Two kids sit in their local game store. It's raining again—it always seems to rain in Auckland—and the store is a natural refuge. They are school friends. Best friends. Mountains of Magic cards surround them. They've been raiding the common and uncommon bins, building deck after deck until their pocket money ran out. Something has clicked within them, that hook, that love of the game. One of those kids is Zen Takahashi.
"Rite of Flame was a sought-after common," Takahashi reminisced. "On the same shelf [of the store] was Seething Song. I snagged four of each, then I got these cool big red Dragons and I shoved them into a deck. At the time I didn't really notice, but looking back I'm like, whoa, I sorta just built a Dragon stompy deck without really understanding Magic. That's pretty cool."
It wasn't long until Zen treated the game a little more seriously. His competitive nature, developed playing more traditional sports, came through and he won his first Pro Tour Qualifier at thirteen years old. The following year, Takahashi reached Top 16 at his first Grand Prix.
Takahashi has since defined himself as being among the next generation of greats on the Asia-Pacific Magic scene. He achieved Top 8 at three successive Grand Prix in Sydney: 2013, 2015, and now 2016. In fact, his Top 8 at Grand Prix Sydney this weekend secured both his Silver Pro Player status and qualification for the next three Pro Tours in one fell swoop.
In that time, he hasn't lost that passion for building cool decks.
"That's actually the side that I'm most passionate about." Takahashi said. "Technical play–wise, I don't really consider myself that good. But where I do feel like I get the edge is understanding just how gameplay works out, whether that's matchup dynamics, pace of the format, or what matters in a format. Because of that I feel like I'm relatively good at new Limited formats, and I also find myself doing quite well in established Constructed formats."
Recently Takahashi worked with fellow MTGMintCard team member and Pro Tour mainstay Lee Shi Tian to build a deck to compete in a local Modern World Magic Cup Qualifier.
"Lee's just so good at Modern," said Takahashi. "He just understands the format. I think the main thing about Lee and Modern is that because of the diversity in Modern on any given week—and the thing about Modern is that it's really diverse, but the hate is really narrow—on any given week there should be an unfair deck that is less hated on than it should be. And he's really good at predicting that."
This year, Takahashi was highly incentivized to make the New Zealand World Cup team. Jason Chung, who was the first New Zealand player to Top 8 a Pro Tour, explained.
"It was clear early in the [season] I was locked for captaincy," said Chung, "and I'm one of Zen's really close friends. Then at the first WMCQ, my friend Matt Rogers ended up winning, who is also Zen's friend. This made Zen want to be on the team even more."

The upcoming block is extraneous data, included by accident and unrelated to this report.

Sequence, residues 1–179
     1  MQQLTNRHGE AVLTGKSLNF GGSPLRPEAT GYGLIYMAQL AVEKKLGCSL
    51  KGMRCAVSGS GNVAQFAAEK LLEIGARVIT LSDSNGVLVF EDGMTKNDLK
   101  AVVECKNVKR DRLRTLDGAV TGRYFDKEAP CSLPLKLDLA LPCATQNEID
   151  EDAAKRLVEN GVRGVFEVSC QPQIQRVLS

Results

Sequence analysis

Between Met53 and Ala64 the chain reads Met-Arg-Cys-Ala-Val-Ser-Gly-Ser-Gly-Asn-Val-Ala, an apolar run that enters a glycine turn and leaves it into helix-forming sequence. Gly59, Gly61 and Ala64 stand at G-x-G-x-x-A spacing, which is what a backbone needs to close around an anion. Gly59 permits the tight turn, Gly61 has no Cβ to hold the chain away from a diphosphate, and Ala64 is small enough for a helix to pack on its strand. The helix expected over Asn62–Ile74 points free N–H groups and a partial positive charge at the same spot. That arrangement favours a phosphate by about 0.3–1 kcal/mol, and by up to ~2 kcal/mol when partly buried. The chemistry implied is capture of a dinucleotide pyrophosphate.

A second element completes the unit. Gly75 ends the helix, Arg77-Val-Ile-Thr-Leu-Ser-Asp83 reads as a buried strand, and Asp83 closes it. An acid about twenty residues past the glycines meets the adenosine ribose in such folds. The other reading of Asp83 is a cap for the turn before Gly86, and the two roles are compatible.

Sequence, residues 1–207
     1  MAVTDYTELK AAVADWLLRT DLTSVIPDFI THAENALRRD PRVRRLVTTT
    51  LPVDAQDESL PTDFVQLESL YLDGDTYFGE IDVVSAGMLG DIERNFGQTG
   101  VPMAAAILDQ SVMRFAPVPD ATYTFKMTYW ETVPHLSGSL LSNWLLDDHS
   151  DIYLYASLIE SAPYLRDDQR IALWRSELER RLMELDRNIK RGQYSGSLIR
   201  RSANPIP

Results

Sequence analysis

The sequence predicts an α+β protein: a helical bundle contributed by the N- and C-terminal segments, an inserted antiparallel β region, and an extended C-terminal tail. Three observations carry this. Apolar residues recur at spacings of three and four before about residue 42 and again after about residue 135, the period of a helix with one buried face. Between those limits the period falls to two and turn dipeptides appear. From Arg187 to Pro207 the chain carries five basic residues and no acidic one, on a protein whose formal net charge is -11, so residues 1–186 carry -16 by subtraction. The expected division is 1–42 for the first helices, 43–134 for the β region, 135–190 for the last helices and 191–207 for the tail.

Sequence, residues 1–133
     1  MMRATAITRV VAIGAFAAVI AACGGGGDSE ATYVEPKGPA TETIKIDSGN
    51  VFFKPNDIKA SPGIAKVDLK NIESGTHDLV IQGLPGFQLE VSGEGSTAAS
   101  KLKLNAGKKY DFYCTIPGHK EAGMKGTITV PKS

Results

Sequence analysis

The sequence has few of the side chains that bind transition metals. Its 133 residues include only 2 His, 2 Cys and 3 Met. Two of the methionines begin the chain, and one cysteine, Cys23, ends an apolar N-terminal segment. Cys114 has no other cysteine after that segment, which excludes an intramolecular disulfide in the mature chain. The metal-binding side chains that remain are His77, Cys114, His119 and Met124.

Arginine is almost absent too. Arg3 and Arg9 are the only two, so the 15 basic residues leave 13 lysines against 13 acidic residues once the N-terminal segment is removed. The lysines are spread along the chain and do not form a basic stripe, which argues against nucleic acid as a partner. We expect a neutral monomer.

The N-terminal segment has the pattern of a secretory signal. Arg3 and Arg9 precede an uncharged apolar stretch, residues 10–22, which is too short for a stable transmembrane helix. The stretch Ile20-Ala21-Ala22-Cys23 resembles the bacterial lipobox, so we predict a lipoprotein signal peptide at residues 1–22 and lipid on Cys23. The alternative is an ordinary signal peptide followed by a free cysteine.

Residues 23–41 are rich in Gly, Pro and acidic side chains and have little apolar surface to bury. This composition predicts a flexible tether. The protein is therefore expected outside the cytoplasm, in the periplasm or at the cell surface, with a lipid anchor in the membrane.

"All of a sudden, not only like two of my closest Magic friends, but two of my closest friends in life are now part of the team." said Takahashi, "[so] I have to qualify for this.
"Jason actually compiled a list of every New Zealand player who was qualified and what Modern deck they were on, in preparation for the event, to figure what the Modern metagame was. He put in a lot of work for that. Whereas Rogers was just messaging me every day, getting an update like, how are you doing in Modern, what's the situation?"
Takahashi decided to play a Dredge deck that was developed by Lee Shi Tian.
"Lee built this Dredge deck that he thought was really good, but it was a bit untuned, so I played a bunch of it on Magic Online until I realized it was just absolutely broken." Takahashi explained. "It was going to be easy to fall to hate, but because no one knew about the deck, I expected no one to play hate. I spent two weeks learning how to play the deck and tuning it.
"When I got to the event, it felt like a walk in the park. I've never felt so advantaged at a tournament, because no one had the hate, and no one really knew what was going on in my deck. It's a lot harder to play around what's going on in the graveyard than it is on the battlefield, so a lot of my opponents made crucial mistakes just out of unfamiliarity. I felt like I had a lot of edge."
Takahashi took down the Qualifier and secured the third berth on the New Zealand World Magic Cup team.
"I'm very excited," said Takahashi, "[about] just the very idea of getting to play with two of my closest friends. One of the good things about the New Zealand community is that it's very small, and so we all know each other. No matter who wins the fourth spot, we know that we're probably going to know them, so we have a good feeling about it."
Chung was happy too. "Zen's really, really hard-working. Going into Grand Prix Sydney he made a spreadsheet for us to evaluate each card and see if we could gain good confidence on card evaluation. Plus he's basically a really, really nice person, with really good morals. He doesn't judge people, he's a really good friend that way."
The team's preparation paid off, with Takahashi finishing the tournament in fifth place and locking up his Silver Pro Player status. For the young student, this meant looking forward toward the future and finishing the year at the World Magic Cup.
"Next year will be my final year of university, so it ends up being a bit more complicated, as I probably won't have as much time to play Magic," Takahashi said. "We'll see how it goes."